Collateral damage: iPhone OS 4 Developer Agreement fallout

There's been a lot of buzz regarding Apple's new iPhone Developer Agreement the past couple days.

Just before releasing the latest iPhone OS 4 SDK beta, Apple made a significant change toSection 3.3.1- previously stating only that developers must not use undocumented API calls. Section 3.3.1 now contains a clause that prohibits iPhone apps from being developed in any other language other than Objective-C, C, C++, or JavaScript and must not compile through any "intermediary translation or compatibility layer."

The new clause was almost certainly targeted directly at Adobe, whose popular, though arguably inefficient Flash plug-in has been locked out of Apple's mobile platforms. A major feature of Adobe's new Flash CS5 is the ability to package Flash projects as iPhone apps- a process which now goes against the iPhone Developer Agreement. As a result, apps created in this manner can (and will) be rejected from the App Store and Adobe just spent the last year or so of Flash R&D for nothing.

While section 3.3.1 was more than likely directed at Adobe, the question is, will other third party SDK's be taken as collateral damage? PhoneGap, a cross platform mobile development suite, which lets users write apps for iPhone, Android, and Blackberry in JavaScript and HTML claims that their contacts at Apple have assured them their tool is not in violation. Another popular third party SDK, Ansca's Corona, which allows users to write iPhone games in Lua- again seems like it should be out of bounds- though a blog on the company's site claims Apple has not given them the cease and desist. In fact, none of the third party SDK's I could find, such as MonoTouch, GameSalad, or Unity3D- all seemingly in violation of Apple's new Terms of Service- have announced any bad news regarding iPhone OS 4. So what gives?

Well, the truth is, unlike Flash CS5, most of the aforementioned SDK's produce 100% Objective-C code- they are more pre-compilers than true compilers. However, the vague wording of Section 3.3.1 could mean that if Apple ever wanted to pull the trigger, they would be well within their bounds to ban any or all of these third party iPhone SDK's. Although there is something to be said about the added inefficiency and possible lack of UI uniformity of a translation layer, since they haven't done so already I find the possibility of Apple banning such tools outright unlikely. This was, after all, probably a specific jab at Adobe in Apple's quest to make Flash obsolete. If Apple were to expressly ban all third party SDK's, however- from the standpoint of 99% of all iPhone developers, nothing will change. These tools are more for people coming from other development environments and those already used to XCode and Objective-C will continue to code as usual.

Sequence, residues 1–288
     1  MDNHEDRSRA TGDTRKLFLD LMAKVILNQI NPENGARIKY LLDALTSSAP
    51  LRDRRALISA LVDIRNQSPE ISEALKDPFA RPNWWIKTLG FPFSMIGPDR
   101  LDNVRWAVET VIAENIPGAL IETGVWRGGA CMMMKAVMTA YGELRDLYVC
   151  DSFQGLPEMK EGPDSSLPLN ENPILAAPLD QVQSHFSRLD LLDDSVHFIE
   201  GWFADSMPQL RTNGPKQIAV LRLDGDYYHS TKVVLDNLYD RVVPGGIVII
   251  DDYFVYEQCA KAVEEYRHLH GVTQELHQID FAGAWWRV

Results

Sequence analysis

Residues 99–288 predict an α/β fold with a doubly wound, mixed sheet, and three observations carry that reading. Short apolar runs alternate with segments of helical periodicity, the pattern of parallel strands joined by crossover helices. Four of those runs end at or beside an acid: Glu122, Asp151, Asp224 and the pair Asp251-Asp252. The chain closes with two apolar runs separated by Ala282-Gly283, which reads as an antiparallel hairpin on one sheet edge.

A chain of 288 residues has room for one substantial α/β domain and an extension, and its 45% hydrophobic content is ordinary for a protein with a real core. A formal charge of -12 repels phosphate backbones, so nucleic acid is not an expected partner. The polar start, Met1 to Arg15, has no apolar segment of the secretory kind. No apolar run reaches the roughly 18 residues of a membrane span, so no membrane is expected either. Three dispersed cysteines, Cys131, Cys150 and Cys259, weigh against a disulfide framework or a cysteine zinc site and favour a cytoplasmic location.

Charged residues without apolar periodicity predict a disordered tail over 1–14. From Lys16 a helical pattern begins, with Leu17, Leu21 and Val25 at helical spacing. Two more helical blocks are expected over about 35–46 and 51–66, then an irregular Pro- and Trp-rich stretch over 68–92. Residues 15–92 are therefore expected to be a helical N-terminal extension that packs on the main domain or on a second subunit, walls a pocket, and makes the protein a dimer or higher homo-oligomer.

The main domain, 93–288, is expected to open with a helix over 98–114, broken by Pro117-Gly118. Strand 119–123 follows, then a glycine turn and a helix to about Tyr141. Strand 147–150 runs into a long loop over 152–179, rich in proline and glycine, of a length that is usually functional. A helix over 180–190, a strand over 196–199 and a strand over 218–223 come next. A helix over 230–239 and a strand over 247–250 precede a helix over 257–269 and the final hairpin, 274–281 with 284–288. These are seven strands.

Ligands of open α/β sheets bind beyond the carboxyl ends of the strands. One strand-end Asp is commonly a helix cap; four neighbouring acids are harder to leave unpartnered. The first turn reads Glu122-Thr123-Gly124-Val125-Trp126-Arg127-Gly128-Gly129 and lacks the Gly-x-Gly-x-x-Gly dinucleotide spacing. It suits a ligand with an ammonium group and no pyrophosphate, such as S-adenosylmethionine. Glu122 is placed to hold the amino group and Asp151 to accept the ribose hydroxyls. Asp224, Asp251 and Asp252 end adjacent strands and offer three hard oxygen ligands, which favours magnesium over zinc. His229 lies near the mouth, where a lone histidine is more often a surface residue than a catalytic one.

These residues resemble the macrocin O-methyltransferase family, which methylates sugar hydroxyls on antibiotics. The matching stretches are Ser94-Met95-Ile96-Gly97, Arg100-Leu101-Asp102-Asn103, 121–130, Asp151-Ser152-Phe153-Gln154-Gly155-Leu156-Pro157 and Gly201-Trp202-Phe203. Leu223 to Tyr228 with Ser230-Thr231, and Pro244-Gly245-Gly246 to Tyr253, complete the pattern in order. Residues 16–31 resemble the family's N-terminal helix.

Despite the understandable optimism of the various SDK's blogs- we may not get a true sense of the fallout until April 22- the deadline to agree to the new Terms of Service for an iPhone Developer Account. Even then, iPhone OS 4 is still in beta, and therefore subject to TOS changes until it is officially released in June.

Join the newsletter!

Error: Please check your email address.
Rocket to Success - Your 10 Tips for Smarter ERP System Selection

Tags AppleiPhonedevelopers

Keep up with the latest tech news, reviews and previews by subscribing to the Good Gear Guide newsletter.

Mike Keller

PC World (US online)
Show Comments

Cool Tech

Breitling Superocean Heritage Chronographe 44

Learn more >

SanDisk MicroSDXC™ for Nintendo® Switch™

Learn more >

Toys for Boys

Family Friendly

Panasonic 4K UHD Blu-Ray Player and Full HD Recorder with Netflix - UBT1GL-K

Learn more >

Stocking Stuffer

Razer DeathAdder Expert Ergonomic Gaming Mouse

Learn more >

Christmas Gift Guide

Click for more ›

Most Popular Reviews

Latest Articles

Resources

PCW Evaluation Team

Edwina Hargreaves

WD My Cloud Home

I would recommend this device for families and small businesses who want one safe place to store all their important digital content and a way to easily share it with friends, family, business partners, or customers.

Walid Mikhael

Brother QL-820NWB Professional Label Printer

It’s easy to set up, it’s compact and quiet when printing and to top if off, the print quality is excellent. This is hands down the best printer I’ve used for printing labels.

Ben Ramsden

Sharp PN-40TC1 Huddle Board

Brainstorming, innovation, problem solving, and negotiation have all become much more productive and valuable if people can easily collaborate in real time with minimal friction.

Sarah Ieroianni

Brother QL-820NWB Professional Label Printer

The print quality also does not disappoint, it’s clear, bold, doesn’t smudge and the text is perfectly sized.

Ratchada Dunn

Sharp PN-40TC1 Huddle Board

The Huddle Board’s built in program; Sharp Touch Viewing software allows us to easily manipulate and edit our documents (jpegs and PDFs) all at the same time on the dashboard.

George Khoury

Sharp PN-40TC1 Huddle Board

The biggest perks for me would be that it comes with easy to use and comprehensive programs that make the collaboration process a whole lot more intuitive and organic

Featured Content

Product Launch Showcase

Latest Jobs

Don’t have an account? Sign up here

Don't have an account? Sign up now

Forgot password?